I had a choice to make: completely overhaul everything and start anew or stay the course and keep moving forward using the processes, units, and activities I would have done if we had been face-to-face.
I chose the latter. I was lucky in that I had already had my students in the art classroom for about a marking period of time and they had taken STEM the semester before, so they understood the process from which we could follow to create the works we were going to make.
Design Thinking is something I have shared before and it has helped me shape my classroom into a place where students are able to make choices and stay organized and focused on results they are interested in obtaining. Finding ways I could adapt this process to teaching remotely was a challenge, but as you will view in the video, it was worth it.
Introducing Design Thinking to Students
By having a graphic to show go along with each step, it helps me better communicate to students the how of what we do when we try and solve visual problems. This can also be applied to other content areas (I see a lot of overlap with Science, for example) and it has been an awesome thing to share with my teaching partner in the STEM room so we can use common language about how we are going to help students walk through the work they do in our classes.
Organizing Thematic Units
Usually we have enough time during the semester to cover four unit themes. I use the same theme for both 7th and 8th grade, understanding that because students are getting to select what and how they make their art, the results are always going to be different and the units change year-to-year.
This year our themes were "You, Me, Everybody," "Spaces and Places," "Things You Leave Behind," and "Something Old, Something New." These themes allow me to cover some recurring subjects you will find in the work of artists like portraits, landscapes, and still life as well as focus on students demonstrating growth through a review of their Artsonia portfolio and reimagining what they had created before through the new lens of what they now know and can do.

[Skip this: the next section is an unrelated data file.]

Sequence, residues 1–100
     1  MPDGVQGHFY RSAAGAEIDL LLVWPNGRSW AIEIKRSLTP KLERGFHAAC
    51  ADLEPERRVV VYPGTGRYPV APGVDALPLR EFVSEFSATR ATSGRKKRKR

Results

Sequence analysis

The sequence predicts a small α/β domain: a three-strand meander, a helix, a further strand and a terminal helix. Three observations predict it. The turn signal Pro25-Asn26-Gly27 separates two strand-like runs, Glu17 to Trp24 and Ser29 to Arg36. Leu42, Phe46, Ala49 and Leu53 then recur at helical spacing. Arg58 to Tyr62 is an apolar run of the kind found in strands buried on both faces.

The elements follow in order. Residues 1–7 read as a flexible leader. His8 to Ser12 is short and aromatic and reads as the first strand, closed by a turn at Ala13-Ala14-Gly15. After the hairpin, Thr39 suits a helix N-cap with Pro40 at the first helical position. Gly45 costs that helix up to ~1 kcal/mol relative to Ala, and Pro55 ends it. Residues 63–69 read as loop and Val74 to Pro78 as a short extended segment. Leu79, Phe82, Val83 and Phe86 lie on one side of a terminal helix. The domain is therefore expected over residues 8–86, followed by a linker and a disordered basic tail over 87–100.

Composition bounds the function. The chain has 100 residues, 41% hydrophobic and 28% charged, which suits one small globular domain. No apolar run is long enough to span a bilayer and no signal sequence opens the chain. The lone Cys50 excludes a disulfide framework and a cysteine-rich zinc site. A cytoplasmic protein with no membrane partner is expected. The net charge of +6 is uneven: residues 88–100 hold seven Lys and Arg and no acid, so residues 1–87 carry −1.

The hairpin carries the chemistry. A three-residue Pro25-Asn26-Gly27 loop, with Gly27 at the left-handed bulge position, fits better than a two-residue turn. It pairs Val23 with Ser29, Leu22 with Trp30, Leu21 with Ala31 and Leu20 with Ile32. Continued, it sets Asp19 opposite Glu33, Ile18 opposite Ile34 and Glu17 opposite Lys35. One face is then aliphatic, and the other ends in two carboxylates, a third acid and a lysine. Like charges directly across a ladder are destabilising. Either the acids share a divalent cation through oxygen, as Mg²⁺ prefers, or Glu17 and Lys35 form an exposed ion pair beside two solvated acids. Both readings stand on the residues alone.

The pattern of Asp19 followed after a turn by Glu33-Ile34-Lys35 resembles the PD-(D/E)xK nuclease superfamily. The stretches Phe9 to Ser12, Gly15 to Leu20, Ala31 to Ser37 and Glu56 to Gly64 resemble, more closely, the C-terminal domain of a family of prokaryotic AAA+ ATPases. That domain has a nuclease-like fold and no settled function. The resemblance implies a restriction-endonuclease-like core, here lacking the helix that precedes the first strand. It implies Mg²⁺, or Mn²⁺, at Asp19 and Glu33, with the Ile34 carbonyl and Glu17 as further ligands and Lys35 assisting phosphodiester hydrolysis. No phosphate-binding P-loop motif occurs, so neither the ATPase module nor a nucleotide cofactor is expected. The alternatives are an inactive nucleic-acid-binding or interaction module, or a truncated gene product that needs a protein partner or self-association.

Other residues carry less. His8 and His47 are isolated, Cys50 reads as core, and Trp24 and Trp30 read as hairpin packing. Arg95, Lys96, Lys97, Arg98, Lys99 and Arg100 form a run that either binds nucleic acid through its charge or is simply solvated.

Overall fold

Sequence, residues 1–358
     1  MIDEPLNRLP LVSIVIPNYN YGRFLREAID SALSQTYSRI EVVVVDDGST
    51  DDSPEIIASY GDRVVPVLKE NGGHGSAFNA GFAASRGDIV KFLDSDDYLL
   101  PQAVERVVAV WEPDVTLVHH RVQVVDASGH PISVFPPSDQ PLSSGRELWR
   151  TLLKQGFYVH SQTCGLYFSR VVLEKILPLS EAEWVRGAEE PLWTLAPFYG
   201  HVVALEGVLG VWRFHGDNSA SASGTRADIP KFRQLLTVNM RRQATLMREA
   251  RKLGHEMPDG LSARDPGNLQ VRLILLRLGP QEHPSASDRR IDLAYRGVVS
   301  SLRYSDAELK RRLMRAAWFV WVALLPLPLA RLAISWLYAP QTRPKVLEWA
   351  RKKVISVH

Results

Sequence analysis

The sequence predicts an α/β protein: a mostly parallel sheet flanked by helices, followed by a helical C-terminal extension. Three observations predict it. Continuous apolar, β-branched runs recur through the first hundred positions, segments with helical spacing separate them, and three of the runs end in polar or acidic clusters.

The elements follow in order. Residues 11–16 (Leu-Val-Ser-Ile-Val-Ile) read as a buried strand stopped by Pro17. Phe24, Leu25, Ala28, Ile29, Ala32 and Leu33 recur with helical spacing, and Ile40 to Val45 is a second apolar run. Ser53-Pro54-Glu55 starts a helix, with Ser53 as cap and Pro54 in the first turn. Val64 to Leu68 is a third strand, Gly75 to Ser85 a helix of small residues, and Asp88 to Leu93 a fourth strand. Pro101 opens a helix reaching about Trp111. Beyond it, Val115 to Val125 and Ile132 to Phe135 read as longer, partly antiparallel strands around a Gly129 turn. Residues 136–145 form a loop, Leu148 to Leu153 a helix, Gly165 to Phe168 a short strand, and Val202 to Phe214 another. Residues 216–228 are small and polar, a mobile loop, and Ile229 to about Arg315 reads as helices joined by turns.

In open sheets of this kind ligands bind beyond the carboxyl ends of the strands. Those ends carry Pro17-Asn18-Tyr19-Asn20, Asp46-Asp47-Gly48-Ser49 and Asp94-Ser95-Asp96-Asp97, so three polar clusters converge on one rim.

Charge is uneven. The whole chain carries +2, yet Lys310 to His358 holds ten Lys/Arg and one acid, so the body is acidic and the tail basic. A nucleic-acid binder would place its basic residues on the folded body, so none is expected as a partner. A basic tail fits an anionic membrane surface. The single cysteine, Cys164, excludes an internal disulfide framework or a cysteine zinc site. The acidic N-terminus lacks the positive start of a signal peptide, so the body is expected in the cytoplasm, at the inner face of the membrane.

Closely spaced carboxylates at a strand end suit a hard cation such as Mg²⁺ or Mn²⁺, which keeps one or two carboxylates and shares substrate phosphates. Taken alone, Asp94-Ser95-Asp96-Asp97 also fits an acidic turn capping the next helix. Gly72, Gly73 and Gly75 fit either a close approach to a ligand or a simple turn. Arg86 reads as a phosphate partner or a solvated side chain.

Each theme has a set of artists we use as reference who come from different backgrounds and use different media to address the topic and students also have a series of skill builders and bootcamps they complete to get a better understanding of art concepts and media they can then select from as they complete their work.
By moving to a thematic structure that offers choice as a result of skill builders and mini lessons that give a variety of tools to use, students come up with dramatically different results that help them establish their own unique voice while also showing me they know and understand what is being examined through the process of creating the work.
Here are some examples of the planning sheets I use for the themes we covered and continued to cover, even when moving to remote learning:
Assessment for Learning
All of these components offer a chance to assess learning through lenses of what students were able to learn and retain through application, what students were able to produce and communicate through application, and how students felt about the learning, production, and application of the processes selected. I am still working how summative assessments, like quizzes the reviews were used to do in my face-to-face class, would work or look like when teaching remotely. Right now, I use the assessment feature on Schoology for this and hope to be able to adapt that to whatever our system looks like in the fall.
If you are interested in a closer look at the final exam review I offer for students, you can check out the file below:
One way I envision myself organizing my online space is through the use of Google Slides and through the "Bitmoji Classroom." I also am really excited about SildesMania, where there are a lot templates that can be used for this and are offered for FREE!
I envision having something like the image you see above, which was created using Google Slides and allowing the images to be clickable that would then allow students to learn more about the unit.
I am also working towards more diverse representations of artists we use as reference in the art classroom. People from different backgrounds and countries should be represented. This is something that is really important to me because I am a child of an immigrant. As an Arab-American, I have grown up experiencing and continue to experience what it can feel like to be seen through a limited lens. I share this because it is important to seek understanding within ourselves and each other and grow in the process. Being mindful and purposeful of inclusion when seeking out which artists I teach will help me be a better teacher. And seeing art made from different points of view helps us understand the world in new ways.
I am excited and nervous about a new school year. There may be a lot of unknowns, but what I do know is I am so lucky to teach who I do and where I do and I cannot wait to get working with my students once we do start up this August!